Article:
The Shootout: From Boy to Man

Now in its fifth year, the penalty shot contest is here to stay

11.10.2009
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One of the most famous shootouts in hockey history: Czech netminder Dominik Hasek stops all five Canadian attempts in the semi-final victory at the 1998 Olympic Games in Nagano. Photo: IIHF Archives

The tie hockey game is a thing of the past. Like the typewriter, rotary-dial telephone, and road map you used to keep in the glove compartment of your car, it has been replaced by the shootout, computer, cell phone, and GPS.

The rules of shootout engagement, however, have changed at different rates in the NHL and international game. The IIHF first instituted the shootout for the 1992 Olympics in Albertville, and the first game to require the new method was Canada-Germany in the quarterfinals. Canada advanced to the semis on an Eric Lindros goal in the best-of-five shot contest, but cries across Canada criticized the format for being nothing more than a lottery. The cries were renewed after Canada lost a gold medal to Sweden on penalty shots at the 1994 Olympics.

Indeed, before various football (soccer) federations in Europe adopted the shootout starting in 1970, some games were actually decided by a coin toss because replaying a 90-minute game was sometimes impossible and unlimited overtime a very un-football-like solution.

Anyone who remembers hockey’s historic Canada-Soviet Union showdown at the 1987 Canada Cup – often called the best three hockey games ever played – would be disgusted by the thoughts of those games being decided penalty shots.

Still, North America took notice of the IIHF decision in 1992, and while the NHL ignored the “gimmick” in the name of tradition, the AHL, as well as leagues in Europe, decided to give it a try to spruce up the excitement level at a time when obstruction was on the rise and scoring in decline.

The lockout was the last straw for the NHL, though. After a year without hockey, it believed it needed to return with a big bang, so starting with the 2005-06 season the league instituted a best-of-three shootout to decide all games still tied after the regular season five-minute overtime. Unlimited, sudden-death overtime, the lynchpin to the Stanley Cup playoffs, was not tampered with.

The final change came in 2006-07 when the IIHF adopted the three-point system for all games, meaning overtime and a shootout (if necessary) would decide all pre-playoff round games. At that point, the tie was dead no matter where you lived and no matter what level of world-class quality you watched.

In the NHL, players, coaches, and fans have come to realize the importance of the competition. Remember in the first year how casual the shootout was? Some players took their shot without a helmet; others put their helmet on backwards. Some players tried trick moves that looked amazing but had little chance of resulting in a goal. There was laughing at the benches, a casual atmosphere throughout the arena. Not any more.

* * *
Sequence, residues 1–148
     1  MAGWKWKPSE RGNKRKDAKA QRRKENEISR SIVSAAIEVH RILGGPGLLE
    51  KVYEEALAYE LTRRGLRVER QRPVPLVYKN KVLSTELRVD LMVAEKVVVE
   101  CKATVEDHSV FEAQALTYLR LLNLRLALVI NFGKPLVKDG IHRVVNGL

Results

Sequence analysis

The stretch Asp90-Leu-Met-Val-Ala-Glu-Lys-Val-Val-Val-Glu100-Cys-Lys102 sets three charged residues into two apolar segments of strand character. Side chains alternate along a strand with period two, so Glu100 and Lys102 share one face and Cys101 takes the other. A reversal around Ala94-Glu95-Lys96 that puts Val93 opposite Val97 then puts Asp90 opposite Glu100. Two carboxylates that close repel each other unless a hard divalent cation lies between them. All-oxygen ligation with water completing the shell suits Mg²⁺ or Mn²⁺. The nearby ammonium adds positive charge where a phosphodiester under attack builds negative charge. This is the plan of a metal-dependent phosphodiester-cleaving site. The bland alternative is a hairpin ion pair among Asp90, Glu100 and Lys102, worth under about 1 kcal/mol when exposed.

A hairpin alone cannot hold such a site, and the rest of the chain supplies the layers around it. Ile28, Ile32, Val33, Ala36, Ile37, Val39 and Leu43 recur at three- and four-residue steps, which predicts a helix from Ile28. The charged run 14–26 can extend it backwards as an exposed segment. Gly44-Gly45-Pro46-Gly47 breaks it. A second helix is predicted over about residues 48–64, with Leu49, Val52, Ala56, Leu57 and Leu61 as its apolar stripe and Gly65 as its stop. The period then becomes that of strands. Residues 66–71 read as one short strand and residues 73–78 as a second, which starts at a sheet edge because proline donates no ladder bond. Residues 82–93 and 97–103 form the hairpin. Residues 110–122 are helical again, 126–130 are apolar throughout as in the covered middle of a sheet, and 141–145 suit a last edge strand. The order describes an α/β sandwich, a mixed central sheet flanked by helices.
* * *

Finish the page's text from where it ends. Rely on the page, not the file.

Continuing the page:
When was the last time you saw any trickery in a shootout? Everyone now realizes the extra points are critical in the standings. Every shot counts; every shot a potentially decisive moment in a team’s playoff fortunes. It’s all business now.

While the shootout is here to stay, its initial purpose has not necessarily been served. Logic varied from the NHL to the IIHF on why to use it. In the NHL, the feeling was that the five-minute OT was getting boring and fans hated to go home after watching teams skate to a tie. In the IIHF, the feeling was that by awarding three points for a regulation win and only two for an OT or SO win, teams would play harder to decide the game in 60 minutes.

In the NHL, there has been a quite incredible consistency in the first four years of the shootout. About 22 per cent of all games go to overtime (from 2005-06 to 2008-09 the numbers are 22.8, 22.8, 22.1, 22.9), and about 57 percent of those go to a shootout (51.6, 58.4, 57.4, 56.4). Shooters scored about 33 per cent of the time (33.64, 32.76, 32.51, 33.71). This suggests the shootout, while guaranteeing a victor every night, is somewhat predictable and hasn’t phased out the overtime at all. It also suggests that players and goalies adjust in perfect ratio to each other such that the rate of scoring success remains unchanged.

One statistic, however, reveals a weakness in the current shootout rules. When the NHL started the shots format, it went to a best-of-three system instead of best-of-five which the IIHF had used since 1992. When the IIHF went to three-point games, it followed suit. Yet, statistics reveal that in every season and at every tournament the average number of shots has been greater than six.

This means the best-of-three format doesn’t decide a majority of the games. Worse, the team that scores the first goal wins 80 per cent of the shootouts (80.00 in 2005-06, then 80.49, 81.41, 80.50), suggesting there is a predictability to shootouts now that people were complaining only a few years ago for the five-minute overtime period. Just as a team that leads after two periods wins the vast majority of 60-minute games, the first team to score in the shootout also is almost guaranteed the win.

It’s clear the tie is a dinosaur in hockey, and it’s clear fans love the contest even though it has no relation to the 65 minutes of five-on-five hockey that have preceded it. But what is also clear is that best-of-five shots is a more dramatic, more conclusive method of play. And how long does it take to execute three or four more shots? Two minutes? After two and a half hours of play, another two minutes isn’t such a big deal. Winning the game is.

ANDREW PODNIEKS

The opinions in this column are solely attributed to the writer and do not necessarily reflect the official position of the IIHF.


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